Type 2 diabetes is a common medical condition, affecting close to 10 percent of the U.S. population. Type 2 diabetes is a malfunction in the manner in which the body uses and regulates glucose as fuel. The pancreas creates a hormone called insulin, which assists the cells with converting glucose into energy. People with type 2 diabetes create insulin, but the body’s cells do not respond well to insulin and take in less glucose. The pancreas will release more insulin in an attempt to get cells to respond to glucose. Eventually, the pancreas is unable to produce enough insulin to keep up with glucose levels in the blood. When the cells do not respond properly to insulin, it is known as insulin resistance. As a result, the glucose builds up in the bloodstream instead. High blood sugar can cause significant damage to the body, including vision loss and heart disease.
Symptoms of type 2 diabetes often develop slowly over time and can take years to manifest. Some of these symptoms include increased urination, increased thirst, blurred vision, fatigue, weight loss, numbness or tingling in the hands and feet, wounds that heal slowly, and areas of darkened skin near the neck or armpits. Diabetes is diagnosed via blood tests ordered by your doctor. Your doctor will test your A1C, which is an average of your blood glucose levels over the past few months. An A1C below 5.7 is normal, between 5.7 and 6.4 indicates prediabetes, and 6.5 or higher indicates diabetes. Your doctor will also check your fasting glucose levels and determine whether they are high. A fasting blood sugar 99 or under is normal, 100 to 125 indicates prediabetes, and over 125 indicates diabetes. A random (non-fasting) blood sugar test may be performed as well; glucose levels over 200 indicate diabetes.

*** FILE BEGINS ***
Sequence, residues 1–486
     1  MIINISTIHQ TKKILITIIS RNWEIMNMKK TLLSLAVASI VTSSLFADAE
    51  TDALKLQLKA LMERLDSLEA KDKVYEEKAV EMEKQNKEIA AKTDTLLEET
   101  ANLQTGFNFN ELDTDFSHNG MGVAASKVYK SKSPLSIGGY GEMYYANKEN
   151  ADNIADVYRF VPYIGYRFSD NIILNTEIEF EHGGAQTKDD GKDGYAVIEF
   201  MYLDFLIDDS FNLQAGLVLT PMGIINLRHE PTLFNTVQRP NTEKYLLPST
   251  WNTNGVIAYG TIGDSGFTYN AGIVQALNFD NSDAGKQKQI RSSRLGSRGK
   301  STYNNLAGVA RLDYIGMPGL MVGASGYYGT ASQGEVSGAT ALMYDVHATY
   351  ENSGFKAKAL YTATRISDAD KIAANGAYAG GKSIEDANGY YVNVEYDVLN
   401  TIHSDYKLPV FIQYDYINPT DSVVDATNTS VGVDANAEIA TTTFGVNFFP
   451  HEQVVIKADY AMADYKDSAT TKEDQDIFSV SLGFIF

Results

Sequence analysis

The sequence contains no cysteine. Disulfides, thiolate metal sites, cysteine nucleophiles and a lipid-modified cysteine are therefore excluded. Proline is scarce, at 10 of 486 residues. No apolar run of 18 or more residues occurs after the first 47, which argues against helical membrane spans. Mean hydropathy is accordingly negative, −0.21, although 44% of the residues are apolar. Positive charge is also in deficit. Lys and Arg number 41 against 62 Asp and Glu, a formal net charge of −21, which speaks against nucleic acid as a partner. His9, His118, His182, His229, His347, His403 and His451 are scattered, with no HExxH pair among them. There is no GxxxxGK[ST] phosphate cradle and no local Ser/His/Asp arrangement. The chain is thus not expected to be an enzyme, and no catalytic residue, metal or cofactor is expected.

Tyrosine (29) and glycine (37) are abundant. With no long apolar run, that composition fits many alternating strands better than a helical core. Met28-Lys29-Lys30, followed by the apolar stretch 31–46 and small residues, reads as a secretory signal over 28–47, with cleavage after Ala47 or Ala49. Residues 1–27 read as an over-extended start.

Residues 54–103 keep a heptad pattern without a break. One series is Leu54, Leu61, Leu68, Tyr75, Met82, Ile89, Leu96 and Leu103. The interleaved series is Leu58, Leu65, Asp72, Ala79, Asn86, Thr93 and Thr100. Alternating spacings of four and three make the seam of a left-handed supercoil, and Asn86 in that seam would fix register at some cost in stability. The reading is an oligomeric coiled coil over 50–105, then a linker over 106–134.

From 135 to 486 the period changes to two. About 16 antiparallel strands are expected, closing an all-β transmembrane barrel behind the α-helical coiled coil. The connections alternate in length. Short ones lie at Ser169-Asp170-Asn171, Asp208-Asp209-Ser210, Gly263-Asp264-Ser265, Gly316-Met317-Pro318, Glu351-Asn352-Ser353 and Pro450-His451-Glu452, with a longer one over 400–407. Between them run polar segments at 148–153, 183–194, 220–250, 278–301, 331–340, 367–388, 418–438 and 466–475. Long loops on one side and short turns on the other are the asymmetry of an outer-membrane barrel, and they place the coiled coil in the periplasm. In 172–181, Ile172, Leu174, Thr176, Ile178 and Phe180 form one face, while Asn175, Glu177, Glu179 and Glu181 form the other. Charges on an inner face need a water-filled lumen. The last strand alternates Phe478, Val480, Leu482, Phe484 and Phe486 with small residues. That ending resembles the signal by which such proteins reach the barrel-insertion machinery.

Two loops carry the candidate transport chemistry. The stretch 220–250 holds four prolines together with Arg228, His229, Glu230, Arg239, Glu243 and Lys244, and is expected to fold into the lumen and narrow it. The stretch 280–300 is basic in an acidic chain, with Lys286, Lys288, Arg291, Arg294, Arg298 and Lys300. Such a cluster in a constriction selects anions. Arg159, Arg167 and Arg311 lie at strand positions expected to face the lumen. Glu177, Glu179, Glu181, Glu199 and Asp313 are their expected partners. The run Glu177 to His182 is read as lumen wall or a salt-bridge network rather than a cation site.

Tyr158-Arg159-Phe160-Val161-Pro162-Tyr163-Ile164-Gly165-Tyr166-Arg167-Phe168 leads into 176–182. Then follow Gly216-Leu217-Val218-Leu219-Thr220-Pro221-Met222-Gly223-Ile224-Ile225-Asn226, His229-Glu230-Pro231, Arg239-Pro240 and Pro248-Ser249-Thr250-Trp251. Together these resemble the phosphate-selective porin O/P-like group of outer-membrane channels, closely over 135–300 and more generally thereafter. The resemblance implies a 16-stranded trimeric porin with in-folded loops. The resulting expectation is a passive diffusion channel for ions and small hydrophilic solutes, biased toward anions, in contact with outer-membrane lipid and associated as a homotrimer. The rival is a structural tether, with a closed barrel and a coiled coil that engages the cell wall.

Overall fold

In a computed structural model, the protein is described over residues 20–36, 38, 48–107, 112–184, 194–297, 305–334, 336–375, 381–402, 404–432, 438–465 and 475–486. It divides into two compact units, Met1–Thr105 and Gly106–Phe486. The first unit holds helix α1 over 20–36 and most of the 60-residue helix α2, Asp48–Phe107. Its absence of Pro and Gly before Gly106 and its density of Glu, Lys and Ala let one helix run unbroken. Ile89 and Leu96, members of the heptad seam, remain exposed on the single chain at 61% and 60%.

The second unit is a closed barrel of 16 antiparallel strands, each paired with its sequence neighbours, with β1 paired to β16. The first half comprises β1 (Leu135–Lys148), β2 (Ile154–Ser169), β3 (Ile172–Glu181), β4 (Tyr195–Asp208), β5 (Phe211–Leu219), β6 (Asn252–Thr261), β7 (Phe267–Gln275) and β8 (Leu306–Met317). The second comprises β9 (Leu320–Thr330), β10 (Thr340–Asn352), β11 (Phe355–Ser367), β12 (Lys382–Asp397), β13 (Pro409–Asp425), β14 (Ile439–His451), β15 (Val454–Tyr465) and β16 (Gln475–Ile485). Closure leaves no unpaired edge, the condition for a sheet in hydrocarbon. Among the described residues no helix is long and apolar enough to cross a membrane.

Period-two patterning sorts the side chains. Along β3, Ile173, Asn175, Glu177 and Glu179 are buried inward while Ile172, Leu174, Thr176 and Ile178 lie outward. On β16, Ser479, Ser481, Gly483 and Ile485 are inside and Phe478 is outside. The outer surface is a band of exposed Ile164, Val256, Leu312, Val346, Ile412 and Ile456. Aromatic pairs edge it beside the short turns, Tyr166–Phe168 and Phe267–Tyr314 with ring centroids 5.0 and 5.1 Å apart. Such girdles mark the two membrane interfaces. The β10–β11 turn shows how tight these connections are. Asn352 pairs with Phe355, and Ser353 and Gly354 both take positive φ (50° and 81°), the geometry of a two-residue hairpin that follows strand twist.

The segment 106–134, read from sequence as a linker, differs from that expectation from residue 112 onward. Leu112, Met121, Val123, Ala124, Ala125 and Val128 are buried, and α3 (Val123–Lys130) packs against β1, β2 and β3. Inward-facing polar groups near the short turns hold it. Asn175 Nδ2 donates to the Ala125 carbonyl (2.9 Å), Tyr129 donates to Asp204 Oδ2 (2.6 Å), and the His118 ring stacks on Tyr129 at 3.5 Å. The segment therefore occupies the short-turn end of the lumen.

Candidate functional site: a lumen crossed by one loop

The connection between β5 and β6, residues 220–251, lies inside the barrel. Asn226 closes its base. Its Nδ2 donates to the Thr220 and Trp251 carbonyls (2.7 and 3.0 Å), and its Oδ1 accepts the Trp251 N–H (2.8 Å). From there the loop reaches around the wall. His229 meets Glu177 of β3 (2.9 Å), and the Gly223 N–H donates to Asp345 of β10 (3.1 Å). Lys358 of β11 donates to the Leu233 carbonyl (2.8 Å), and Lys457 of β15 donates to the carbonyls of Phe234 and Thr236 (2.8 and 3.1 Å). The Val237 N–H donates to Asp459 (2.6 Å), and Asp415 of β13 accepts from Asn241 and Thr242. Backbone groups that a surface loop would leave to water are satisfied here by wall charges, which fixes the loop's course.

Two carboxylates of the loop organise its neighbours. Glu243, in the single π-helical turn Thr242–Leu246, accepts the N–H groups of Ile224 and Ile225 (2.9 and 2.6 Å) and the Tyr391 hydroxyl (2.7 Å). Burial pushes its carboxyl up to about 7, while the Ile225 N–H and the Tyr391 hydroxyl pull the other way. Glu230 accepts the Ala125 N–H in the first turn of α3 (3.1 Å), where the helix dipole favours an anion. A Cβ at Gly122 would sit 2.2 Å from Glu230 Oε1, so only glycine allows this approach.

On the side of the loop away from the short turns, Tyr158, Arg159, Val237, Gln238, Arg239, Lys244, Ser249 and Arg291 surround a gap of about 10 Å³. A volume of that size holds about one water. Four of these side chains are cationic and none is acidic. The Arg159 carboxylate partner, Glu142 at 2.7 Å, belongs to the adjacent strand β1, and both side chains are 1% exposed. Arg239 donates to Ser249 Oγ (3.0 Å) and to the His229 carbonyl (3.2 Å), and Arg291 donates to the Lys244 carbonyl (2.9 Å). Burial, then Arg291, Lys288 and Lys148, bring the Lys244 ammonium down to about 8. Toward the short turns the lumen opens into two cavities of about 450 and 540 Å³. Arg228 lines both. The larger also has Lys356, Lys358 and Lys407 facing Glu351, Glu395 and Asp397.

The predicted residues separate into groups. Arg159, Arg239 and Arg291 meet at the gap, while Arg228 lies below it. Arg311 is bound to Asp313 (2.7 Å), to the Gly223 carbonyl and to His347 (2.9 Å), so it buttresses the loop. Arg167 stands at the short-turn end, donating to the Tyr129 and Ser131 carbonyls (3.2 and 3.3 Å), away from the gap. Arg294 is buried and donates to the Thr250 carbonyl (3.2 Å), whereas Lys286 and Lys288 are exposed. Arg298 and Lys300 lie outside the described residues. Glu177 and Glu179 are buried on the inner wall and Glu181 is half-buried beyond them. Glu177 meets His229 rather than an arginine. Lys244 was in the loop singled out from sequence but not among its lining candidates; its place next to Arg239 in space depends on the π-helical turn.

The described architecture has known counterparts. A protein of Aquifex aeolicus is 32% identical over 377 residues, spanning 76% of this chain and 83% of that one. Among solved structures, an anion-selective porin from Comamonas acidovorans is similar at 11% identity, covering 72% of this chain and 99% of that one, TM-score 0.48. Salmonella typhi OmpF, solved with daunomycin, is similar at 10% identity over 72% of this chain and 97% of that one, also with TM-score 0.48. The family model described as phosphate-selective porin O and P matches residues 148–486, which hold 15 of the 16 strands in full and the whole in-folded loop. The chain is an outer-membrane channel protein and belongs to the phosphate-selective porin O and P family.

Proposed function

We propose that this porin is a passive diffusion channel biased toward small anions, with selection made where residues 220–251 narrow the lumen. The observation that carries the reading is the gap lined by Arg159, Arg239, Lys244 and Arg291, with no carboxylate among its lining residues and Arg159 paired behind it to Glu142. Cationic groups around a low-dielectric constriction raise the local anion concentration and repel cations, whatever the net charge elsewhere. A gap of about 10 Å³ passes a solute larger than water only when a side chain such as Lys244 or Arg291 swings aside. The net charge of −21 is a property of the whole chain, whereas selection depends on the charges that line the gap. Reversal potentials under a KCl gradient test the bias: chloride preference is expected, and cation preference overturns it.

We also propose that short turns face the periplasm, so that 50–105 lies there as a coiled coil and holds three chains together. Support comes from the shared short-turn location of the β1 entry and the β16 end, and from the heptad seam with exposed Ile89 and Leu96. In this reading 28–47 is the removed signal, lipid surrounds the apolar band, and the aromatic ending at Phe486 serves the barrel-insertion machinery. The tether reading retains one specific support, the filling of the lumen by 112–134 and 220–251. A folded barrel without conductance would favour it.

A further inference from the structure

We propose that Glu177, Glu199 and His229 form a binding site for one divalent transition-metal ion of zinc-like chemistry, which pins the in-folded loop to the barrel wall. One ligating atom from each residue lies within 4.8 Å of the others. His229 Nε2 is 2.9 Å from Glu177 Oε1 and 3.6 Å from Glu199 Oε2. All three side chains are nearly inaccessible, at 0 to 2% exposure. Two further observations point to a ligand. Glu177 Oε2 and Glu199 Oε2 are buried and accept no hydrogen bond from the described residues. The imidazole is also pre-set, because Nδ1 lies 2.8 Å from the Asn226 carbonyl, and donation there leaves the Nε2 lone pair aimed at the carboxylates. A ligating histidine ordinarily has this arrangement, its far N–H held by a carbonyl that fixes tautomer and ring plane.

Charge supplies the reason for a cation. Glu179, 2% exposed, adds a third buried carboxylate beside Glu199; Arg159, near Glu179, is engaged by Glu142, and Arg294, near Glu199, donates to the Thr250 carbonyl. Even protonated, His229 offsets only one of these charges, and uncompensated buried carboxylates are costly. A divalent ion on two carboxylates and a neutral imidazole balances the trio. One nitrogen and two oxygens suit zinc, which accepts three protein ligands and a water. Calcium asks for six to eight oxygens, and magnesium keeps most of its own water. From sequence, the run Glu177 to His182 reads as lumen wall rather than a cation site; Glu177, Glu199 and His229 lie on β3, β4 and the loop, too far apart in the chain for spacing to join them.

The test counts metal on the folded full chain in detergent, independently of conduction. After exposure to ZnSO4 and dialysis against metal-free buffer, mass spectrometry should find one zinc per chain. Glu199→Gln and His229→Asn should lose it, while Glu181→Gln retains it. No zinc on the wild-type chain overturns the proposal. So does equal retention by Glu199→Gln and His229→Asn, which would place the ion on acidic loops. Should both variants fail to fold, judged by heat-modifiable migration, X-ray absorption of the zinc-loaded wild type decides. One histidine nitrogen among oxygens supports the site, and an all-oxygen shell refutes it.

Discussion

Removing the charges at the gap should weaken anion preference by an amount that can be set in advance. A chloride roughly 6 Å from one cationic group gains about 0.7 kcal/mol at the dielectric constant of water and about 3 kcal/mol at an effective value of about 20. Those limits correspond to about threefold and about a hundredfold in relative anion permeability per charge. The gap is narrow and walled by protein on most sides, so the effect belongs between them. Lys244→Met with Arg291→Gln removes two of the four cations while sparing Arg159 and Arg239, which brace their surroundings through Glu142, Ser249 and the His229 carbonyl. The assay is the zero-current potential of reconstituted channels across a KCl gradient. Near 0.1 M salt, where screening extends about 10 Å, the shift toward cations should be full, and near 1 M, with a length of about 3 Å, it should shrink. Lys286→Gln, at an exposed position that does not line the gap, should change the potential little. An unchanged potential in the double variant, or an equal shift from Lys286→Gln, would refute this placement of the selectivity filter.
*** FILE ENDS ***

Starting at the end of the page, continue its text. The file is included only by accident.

Severe type 2 diabetes can cause serious complications which may seriously affect your ability to engage in normal work activity. Long-term high blood sugar may cause damage to nerves, which can result in numbness, tingling, pain, and burning, known as peripheral neuropathy. This may lead to a loss of sensation that typically begins at the fingers or toes and spreads upwards through the extremities. Peripheral neuropathy may interfere with your ability to stand for long periods of time due to the burning sensation occurring in the feet. Peripheral neuropathy may also interfere with your ability to use your hands as easily as you used to be able to do.
Diabetes may also interfere with eye health. High blood sugar may damage the blood vessels in the back of the eyes, known as diabetic retinopathy. Type 2 diabetes also may lead to glaucoma and cataracts. Individuals whose type 2 diabetes impacts their vision often experience floaters, blurry vision, and loss of central vision. Treatment may include injections which may result in missed days of work.